Andrew Houston had married Mary Fuller, and when she died in childbirth he moved to Tempe and raised racehorses. He would bring them back to Payson for the summer races. William Houston became a teacher in the area schools. Both William and Andrew died at the Arizona Pioneer’s Home in Prescott. The Houston brothers and sisters (there was another sister named Fanny) were cousins of the Texas Republic’s famous Sam Houston.
It was the brother Sam Houston who gave Starr Valley another mysterious death to ponder.
There are several versions of Sam Houston’s death. It happened in the early 1890s, and was narrated by Anna Mae Deming, who repeated what she heard from John Lazear. Other sources were the words of Lena Chilson and Arden Ezell, as well as a newspaper clipping from the Prescott Courier newspaper. Of them all, the version told by Arden Ezell has the most authentic ring to it, based on the report of those who were present at the time.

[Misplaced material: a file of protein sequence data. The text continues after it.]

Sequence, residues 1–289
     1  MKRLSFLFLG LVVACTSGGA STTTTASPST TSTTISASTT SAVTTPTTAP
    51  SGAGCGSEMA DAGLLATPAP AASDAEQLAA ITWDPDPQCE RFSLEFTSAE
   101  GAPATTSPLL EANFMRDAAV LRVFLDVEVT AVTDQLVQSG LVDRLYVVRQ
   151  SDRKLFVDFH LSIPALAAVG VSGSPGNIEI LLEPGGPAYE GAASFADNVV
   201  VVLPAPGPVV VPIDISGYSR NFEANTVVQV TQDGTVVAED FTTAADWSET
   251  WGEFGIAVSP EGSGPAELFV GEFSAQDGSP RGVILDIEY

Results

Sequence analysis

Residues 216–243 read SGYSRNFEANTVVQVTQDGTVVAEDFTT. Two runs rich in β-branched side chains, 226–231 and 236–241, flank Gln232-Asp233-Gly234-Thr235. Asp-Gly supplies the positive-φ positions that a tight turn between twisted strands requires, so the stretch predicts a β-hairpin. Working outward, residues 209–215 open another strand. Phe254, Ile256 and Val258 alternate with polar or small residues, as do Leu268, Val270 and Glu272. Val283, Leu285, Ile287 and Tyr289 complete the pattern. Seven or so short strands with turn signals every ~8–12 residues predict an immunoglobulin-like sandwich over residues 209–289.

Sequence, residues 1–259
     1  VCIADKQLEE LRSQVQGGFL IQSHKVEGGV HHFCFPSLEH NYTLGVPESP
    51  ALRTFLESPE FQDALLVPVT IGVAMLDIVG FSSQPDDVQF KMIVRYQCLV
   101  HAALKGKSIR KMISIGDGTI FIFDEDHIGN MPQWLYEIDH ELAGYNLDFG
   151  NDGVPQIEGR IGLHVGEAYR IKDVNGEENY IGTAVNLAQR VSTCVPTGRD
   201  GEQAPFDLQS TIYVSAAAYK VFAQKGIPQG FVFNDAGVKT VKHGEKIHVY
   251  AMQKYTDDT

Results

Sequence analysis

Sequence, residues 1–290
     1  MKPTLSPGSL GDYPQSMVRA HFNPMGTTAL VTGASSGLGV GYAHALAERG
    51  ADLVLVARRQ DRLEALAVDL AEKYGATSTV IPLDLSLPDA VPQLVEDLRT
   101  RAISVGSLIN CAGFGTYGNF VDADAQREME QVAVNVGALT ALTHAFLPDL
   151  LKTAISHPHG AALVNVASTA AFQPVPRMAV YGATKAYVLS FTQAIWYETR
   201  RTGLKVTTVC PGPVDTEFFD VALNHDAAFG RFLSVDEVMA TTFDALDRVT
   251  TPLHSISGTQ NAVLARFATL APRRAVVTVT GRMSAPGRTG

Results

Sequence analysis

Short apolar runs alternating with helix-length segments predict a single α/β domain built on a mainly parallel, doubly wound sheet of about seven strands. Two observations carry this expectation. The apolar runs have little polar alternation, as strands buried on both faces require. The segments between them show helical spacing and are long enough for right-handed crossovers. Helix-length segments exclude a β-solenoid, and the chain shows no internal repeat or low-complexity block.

Sam Houston was roping an unbroken horse in a box canyon on upper Ellison Creek, part of the Houston’s grazing allotment. The Houstons ran cattle and horses all the way from their summer camp on the Rim, south to Sunflower, and their winter range included the Houston Mesa and the Houston Pocket. In roping the horse his reata (lasso) caught on his holstered six-shooter, which fired into his leg and severed an artery. The horse returned to the ranch riderless, but the only persons there were Joe Ezell (doing some rock mason work) and Sam’s sister Catherine. The two of them trailed the horse back and found Sam Houston dead. He was sitting on the west side of the box canyon in the shade of the evening, his mortified hands trying to hold together the severed artery. In another version, they found him still alive and he told the story of how it happened before he died.